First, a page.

New PETA billboard proposes solution to Detroit's rat problem

Study ranks Detroit seventh "rattiest" city in America

In arecent studyconducted by pest control leader, Orkinlists Detroit as the seventh"rattiest" city in the country.

DETROIT – A recent study conducted by the pest control company Orkin lists Detroit as the seventh "rattiest" city in the country.

Rodent sightings in Taylor have become so common the issue prompted residents to call for a town hall meeting to discuss solutions. 

The national animal rights advocate group PETA is weighing in and getting involved in the issue. 

The group plans to run a billboard featuring a sloppy person, trash and rat with the words, "You Dirty Rat. Cleanliness Is the Humane Way to a Rat-Free Home."

The billboard portrays people as the cause of the city's rat problem. The group says its website offers practical, inexpensive and effective ways to discourage rats instead of poisoning them, which PETA says would only lead to an influx of more rats.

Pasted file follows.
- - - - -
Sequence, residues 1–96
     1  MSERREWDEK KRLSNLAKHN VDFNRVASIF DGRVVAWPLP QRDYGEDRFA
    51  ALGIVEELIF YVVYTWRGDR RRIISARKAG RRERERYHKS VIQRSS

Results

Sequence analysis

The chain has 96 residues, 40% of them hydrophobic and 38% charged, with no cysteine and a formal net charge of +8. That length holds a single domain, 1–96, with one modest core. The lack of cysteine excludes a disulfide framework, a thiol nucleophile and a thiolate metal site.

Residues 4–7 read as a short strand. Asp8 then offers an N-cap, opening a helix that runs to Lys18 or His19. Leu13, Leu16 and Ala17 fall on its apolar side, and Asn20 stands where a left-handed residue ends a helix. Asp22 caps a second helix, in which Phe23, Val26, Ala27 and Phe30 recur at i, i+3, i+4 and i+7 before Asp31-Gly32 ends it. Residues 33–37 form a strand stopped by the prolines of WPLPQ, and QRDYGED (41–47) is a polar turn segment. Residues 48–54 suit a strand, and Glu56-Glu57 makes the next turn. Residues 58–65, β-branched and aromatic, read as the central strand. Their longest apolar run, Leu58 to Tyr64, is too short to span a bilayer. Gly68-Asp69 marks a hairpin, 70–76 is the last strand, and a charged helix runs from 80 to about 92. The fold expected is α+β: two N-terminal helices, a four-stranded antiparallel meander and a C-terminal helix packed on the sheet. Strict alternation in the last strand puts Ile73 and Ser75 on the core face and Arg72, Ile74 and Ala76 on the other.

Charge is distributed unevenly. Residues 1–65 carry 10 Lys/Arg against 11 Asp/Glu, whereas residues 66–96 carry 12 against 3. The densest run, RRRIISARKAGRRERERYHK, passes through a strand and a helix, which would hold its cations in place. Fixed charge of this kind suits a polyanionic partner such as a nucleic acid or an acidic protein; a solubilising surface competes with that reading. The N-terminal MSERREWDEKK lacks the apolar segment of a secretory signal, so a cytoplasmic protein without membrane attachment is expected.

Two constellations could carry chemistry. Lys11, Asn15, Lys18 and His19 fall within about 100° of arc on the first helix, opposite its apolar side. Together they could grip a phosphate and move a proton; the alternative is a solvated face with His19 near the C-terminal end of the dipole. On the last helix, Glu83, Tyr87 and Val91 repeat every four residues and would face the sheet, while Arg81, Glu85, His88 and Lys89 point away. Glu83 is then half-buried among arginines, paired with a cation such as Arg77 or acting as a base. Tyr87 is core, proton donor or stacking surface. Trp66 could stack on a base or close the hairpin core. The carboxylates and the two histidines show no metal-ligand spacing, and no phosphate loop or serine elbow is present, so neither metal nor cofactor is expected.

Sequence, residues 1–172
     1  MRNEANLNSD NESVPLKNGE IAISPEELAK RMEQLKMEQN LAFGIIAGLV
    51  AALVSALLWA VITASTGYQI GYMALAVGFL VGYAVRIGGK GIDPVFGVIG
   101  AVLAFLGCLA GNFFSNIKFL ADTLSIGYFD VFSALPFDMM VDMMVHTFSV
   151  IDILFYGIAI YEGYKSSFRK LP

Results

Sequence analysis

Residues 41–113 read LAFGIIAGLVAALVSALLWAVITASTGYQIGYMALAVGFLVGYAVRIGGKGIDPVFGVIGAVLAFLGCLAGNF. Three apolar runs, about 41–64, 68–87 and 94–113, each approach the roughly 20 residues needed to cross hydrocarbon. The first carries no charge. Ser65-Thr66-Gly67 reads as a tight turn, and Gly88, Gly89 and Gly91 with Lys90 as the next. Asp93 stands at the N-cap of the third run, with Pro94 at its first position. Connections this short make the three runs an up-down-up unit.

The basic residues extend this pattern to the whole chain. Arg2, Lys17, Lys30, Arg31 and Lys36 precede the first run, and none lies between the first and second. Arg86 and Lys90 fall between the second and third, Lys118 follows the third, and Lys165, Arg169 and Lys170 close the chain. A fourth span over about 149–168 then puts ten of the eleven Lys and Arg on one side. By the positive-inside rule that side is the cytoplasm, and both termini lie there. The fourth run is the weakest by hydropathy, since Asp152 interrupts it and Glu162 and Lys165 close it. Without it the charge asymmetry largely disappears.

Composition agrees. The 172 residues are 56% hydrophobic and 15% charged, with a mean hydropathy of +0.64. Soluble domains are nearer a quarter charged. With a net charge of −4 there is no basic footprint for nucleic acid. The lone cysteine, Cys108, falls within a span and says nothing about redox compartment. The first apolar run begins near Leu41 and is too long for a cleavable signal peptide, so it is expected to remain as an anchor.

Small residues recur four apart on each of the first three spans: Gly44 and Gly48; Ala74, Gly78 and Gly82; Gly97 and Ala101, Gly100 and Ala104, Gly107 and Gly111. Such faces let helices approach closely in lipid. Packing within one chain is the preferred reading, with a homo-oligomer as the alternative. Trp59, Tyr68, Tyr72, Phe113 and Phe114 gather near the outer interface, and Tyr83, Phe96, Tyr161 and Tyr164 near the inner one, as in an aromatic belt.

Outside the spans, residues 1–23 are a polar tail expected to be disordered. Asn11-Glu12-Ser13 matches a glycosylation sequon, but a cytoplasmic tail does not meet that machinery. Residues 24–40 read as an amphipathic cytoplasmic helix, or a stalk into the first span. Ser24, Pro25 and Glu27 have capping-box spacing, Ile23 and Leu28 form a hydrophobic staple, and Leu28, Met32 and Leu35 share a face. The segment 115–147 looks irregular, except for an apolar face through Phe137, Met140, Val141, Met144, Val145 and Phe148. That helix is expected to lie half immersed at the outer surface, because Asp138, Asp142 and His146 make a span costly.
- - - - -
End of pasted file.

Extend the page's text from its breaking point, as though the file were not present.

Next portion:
"There's no need to be cruel to rats, who are intelligent and affectionate little animals who form close bonds with their families and friends, have been shown to enjoy playing and wrestling, and even giggle when tickled," says PETA President Ingrid Newkirk. "Killing these animals doesn't stop more rats from moving in, so PETA suggests that homeowners and building managers rat-proof buildings, that cities improve trash collection, and that residents do their part by not littering."

PETA offered the following tips for addressing rodent issues:

•  Put all food and garbage in sturdy, well-sealed containers that rats can't chew through, and feed companion animals indoors. 

•  Trim back vegetation around buildings, stack wood in tight piles away from the house, and seal holes larger than ¼-inch in diameter, cracks in the walls and floors, and gaps around doors, windows and plumbing.

•  After rat-proofing the building, live-trap and remove any rats still inside. Use a commercially available Havahart trap or make your own. Check the trap hourly, and release any captured rats within 100 yards of where they were caught. 


About the Author:

Natasha Dado is a digital content producer for ClickOnDetroit.